It was frustrating to see Maruta disband in 2011 when they could have accomplished much more. Even if In narcosis was mostly just a solid grindcore album, Forward into regression showed real progression and pushed the band into Gorguts-like territory but with a grind touch. I predicted at the time that the band was ready to break out out of the grindcore realm and be even more original on their next album but instead the broke up.
Thankfully, they are now back in action and signed to Relapse Records, a logical step-up from their days at Willowtip. It would seem that the band is ready to bludgeon everyone with their own kind of grindcore but bludgeon they do but without the incredible evolutionary step that I would have wished. That’s not to say that Remain dystopian is a bad album, far from it. I just expected something a bit less grindcore and instead they sound like a mix of Need to control era Brutal Truth with some From wisdom to hate era Gorguts. That’s far from a bad thing if you know what’s good for you but sounds much closer to their work on Forward into regression.
Perhaps its due to this break-up that the band does not showcase the same kind of progression that in between In narcosis and Forward into regression but, again, the result is still very convincing. The production pushes the excellent riffs to the front with some added volume since a new guitar player has joined the band. The vocals are still quite influenced by Kevin Sharp with a good mix of shrieking and deep grunts. Some prestigious featuring appears too but it’s the excellent vocal performance from band vocalist Mitchell Luna that matters the most. As for the drumming performance, it feels energetic but very precise too. Danny Morris, who had joined the band for the second album, gives the energy and the stability necessary without relying on any technical touch. He plays fast but knows when to slow things down and does not try to over-complicate things.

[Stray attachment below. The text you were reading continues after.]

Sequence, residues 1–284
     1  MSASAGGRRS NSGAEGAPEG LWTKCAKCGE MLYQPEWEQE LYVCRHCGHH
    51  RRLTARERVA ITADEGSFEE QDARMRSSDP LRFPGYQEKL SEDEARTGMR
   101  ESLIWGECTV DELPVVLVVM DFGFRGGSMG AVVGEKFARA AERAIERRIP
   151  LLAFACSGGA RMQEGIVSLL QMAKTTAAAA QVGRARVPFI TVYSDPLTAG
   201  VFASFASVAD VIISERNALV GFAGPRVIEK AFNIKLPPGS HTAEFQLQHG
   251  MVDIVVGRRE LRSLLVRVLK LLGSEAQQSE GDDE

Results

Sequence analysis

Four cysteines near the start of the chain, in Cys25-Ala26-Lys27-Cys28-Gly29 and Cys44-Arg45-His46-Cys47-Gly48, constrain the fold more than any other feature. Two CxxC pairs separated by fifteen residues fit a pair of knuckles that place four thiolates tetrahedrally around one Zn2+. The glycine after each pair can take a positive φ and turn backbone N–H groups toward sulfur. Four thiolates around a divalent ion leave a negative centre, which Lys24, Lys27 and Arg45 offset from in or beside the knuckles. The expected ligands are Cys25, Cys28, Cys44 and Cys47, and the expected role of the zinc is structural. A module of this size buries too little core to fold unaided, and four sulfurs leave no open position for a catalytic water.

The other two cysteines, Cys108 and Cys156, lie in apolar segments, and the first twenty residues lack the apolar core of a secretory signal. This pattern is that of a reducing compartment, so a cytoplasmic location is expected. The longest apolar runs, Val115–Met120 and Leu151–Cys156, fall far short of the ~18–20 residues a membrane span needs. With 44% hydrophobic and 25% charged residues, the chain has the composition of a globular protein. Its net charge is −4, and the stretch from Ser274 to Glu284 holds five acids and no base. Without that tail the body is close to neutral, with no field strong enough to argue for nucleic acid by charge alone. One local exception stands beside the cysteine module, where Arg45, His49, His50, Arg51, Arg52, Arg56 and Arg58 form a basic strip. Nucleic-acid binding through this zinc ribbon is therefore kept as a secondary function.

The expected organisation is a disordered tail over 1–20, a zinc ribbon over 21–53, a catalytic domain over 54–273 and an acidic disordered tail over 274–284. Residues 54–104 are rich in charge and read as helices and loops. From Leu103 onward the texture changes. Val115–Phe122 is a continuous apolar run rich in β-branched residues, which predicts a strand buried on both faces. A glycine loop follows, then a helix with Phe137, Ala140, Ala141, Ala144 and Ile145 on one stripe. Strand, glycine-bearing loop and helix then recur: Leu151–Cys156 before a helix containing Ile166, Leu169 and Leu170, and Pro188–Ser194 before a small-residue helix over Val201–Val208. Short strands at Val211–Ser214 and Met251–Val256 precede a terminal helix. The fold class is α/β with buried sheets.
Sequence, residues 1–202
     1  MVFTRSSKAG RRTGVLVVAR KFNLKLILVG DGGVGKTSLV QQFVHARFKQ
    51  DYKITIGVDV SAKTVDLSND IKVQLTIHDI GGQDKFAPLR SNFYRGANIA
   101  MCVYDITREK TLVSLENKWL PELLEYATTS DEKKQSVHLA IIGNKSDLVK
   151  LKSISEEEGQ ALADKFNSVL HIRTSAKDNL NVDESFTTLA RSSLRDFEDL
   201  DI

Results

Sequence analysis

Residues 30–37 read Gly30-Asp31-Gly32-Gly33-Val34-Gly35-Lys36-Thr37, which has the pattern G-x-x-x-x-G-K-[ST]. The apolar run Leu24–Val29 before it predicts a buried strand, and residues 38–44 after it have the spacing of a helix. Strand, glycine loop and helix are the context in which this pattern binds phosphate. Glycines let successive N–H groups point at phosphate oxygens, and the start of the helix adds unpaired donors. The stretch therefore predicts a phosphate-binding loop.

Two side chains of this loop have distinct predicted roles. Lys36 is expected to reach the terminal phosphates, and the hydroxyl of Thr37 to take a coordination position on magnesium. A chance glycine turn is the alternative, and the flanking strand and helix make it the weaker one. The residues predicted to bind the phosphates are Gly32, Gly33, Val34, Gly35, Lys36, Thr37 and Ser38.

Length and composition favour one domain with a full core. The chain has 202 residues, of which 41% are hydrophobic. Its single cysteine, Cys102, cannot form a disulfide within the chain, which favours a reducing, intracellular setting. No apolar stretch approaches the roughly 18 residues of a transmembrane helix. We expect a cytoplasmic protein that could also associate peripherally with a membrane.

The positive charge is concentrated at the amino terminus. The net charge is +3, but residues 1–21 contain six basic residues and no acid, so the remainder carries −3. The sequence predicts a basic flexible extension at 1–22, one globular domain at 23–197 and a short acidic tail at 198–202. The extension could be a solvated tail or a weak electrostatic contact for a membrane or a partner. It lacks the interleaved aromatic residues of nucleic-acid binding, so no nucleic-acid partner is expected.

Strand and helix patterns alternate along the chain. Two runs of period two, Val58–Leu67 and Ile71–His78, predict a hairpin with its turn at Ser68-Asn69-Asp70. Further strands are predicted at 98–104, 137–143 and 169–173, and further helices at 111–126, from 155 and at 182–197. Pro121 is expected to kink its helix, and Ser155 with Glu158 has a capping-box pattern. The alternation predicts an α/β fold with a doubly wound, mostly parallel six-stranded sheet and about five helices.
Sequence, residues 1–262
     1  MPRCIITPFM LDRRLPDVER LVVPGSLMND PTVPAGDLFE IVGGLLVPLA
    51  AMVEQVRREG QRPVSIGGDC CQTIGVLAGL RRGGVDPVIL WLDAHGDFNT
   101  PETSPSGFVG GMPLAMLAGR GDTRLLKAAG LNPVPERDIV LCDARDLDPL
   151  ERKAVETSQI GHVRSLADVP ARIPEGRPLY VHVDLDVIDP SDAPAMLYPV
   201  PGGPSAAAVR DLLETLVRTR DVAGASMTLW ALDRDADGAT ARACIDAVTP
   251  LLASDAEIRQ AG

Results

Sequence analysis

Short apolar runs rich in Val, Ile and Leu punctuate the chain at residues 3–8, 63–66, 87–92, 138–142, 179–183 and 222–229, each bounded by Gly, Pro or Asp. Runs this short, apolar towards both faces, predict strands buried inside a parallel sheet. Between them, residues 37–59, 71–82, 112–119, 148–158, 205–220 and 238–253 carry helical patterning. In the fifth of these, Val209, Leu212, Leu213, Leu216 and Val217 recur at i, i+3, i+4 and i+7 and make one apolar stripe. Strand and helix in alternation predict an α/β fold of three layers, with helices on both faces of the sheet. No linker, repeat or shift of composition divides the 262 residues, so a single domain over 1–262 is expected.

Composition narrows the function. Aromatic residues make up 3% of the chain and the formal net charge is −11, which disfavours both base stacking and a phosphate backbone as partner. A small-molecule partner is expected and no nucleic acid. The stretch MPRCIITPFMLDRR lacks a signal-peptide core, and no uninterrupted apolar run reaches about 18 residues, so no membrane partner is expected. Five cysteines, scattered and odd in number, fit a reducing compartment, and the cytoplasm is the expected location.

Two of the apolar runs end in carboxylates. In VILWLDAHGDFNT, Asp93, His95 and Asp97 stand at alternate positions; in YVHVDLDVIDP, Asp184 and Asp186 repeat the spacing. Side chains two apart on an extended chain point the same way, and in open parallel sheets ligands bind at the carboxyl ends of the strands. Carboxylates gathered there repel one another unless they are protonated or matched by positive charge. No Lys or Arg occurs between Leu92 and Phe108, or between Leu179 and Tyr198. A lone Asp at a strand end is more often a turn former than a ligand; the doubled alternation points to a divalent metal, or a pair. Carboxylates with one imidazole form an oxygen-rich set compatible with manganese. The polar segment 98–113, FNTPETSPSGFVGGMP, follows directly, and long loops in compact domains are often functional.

Much like on Forward into regression the riffs takes some time to shine due to the large number of songs (17) in less than 30 minutes but ultimately they all prove to be well thought out and memorable on their own. Maruta has come back with a strong blow to the face of every doubter and is ready to move ahead in their evolution. Still very promising, still kicking ass and still on their own to become as original as their influences.